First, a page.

Breaking Hearts and Breaking Rules by Gene Ciarlo
If you break the church’s rules with impunity, after a while there won’t be any church left. It will have splintered into a million pieces with everybody doing whatever they like and choose to do. If the Roman Catholic Church is to remain viable and vibrant as an institution, the rules must be obeyed. It is a sociological principle.
A prominent woman who is known to have been married and divorced several times strides confidently up toward the altar as the priest is distributing Holy Communion. He knows of her infidelity and her alienation from the church, so when she arrives in front of him with outstretched hands, he refuses to give her the sacrament. She turns scarlet and buries her face in her empty hands. The gasps from the congregation are audible, as they too are embarrassed for her. What has just happened? The law has taken precedence over the spirit; a rule has become more important than a person and her shame, perhaps her contrition, perhaps even her repentance.
In one way or another this infraction is not uncommon, more so in our age of new enlightenment and individuation. It happens time and time again, not only regarding the sacrament of the altar but in many other tender and sensitive occasions when the institution must protect itself lest it fall apart from apathy and indifference to doctrines, dogmas, and rules which alone create order.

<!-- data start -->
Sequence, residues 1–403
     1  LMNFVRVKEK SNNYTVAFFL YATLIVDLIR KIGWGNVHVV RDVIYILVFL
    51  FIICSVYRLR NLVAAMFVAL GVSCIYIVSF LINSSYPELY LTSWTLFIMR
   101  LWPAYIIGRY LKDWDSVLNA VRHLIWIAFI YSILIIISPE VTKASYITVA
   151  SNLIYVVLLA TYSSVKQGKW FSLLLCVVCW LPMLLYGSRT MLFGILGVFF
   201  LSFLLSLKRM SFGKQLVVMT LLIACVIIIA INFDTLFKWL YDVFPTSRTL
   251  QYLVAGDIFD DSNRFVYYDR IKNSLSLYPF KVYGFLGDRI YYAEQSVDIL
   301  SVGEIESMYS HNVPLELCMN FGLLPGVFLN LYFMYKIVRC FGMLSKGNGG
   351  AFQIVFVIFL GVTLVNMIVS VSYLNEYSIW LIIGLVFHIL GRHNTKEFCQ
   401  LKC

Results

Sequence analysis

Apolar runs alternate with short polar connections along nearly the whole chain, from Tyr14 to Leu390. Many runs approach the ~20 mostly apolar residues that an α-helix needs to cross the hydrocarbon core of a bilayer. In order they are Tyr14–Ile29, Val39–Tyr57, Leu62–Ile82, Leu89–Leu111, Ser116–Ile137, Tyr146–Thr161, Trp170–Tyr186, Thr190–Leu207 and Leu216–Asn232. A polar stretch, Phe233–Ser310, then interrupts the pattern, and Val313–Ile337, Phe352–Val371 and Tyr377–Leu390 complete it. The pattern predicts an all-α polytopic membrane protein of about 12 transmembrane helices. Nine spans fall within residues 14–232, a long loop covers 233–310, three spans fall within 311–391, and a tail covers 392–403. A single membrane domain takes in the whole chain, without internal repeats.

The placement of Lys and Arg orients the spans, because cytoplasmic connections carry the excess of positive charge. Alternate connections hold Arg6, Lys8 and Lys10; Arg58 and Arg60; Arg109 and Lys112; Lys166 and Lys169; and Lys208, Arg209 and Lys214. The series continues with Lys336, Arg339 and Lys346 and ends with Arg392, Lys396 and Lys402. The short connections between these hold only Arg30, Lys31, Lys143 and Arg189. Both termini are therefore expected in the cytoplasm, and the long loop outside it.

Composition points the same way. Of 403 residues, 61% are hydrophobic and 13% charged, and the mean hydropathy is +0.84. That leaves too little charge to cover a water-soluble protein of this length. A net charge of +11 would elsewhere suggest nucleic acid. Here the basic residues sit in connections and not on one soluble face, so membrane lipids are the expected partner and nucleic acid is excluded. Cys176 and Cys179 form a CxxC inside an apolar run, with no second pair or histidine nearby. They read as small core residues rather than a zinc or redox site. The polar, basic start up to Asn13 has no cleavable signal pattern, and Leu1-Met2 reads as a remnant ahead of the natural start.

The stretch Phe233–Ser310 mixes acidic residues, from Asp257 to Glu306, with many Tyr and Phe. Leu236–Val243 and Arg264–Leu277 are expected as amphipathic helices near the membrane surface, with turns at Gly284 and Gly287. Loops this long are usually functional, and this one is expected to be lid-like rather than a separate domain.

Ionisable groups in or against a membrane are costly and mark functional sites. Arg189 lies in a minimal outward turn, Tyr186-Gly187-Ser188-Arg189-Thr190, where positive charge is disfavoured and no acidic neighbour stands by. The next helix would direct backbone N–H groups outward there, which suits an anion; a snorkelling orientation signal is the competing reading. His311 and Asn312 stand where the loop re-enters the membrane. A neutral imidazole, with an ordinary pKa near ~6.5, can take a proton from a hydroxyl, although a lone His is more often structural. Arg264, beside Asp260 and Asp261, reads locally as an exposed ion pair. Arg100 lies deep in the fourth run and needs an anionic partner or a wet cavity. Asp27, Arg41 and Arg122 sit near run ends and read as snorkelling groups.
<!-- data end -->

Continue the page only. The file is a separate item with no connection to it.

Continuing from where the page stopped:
There is a significant flaw in that line of reasoning, however. In the embarrassing incident described it is not so much the authority of the church that is being put to the test; rather, it is traditional moral theology that ought to be under scrutiny. It is a matter of sin, grace, and reconciliation. From the Catholic Church’s point of view, you may not receive communion while you are in a condition of mortal sin because you have separated yourself from the grace of God and the communion of saints. You are no longer on a path toward heaven but in a state of damnation. In sum, to flout the rules on the reception of the Eucharist is to weaken the moral authority of the church and the developed theological history of sin, reconciliation, and grace.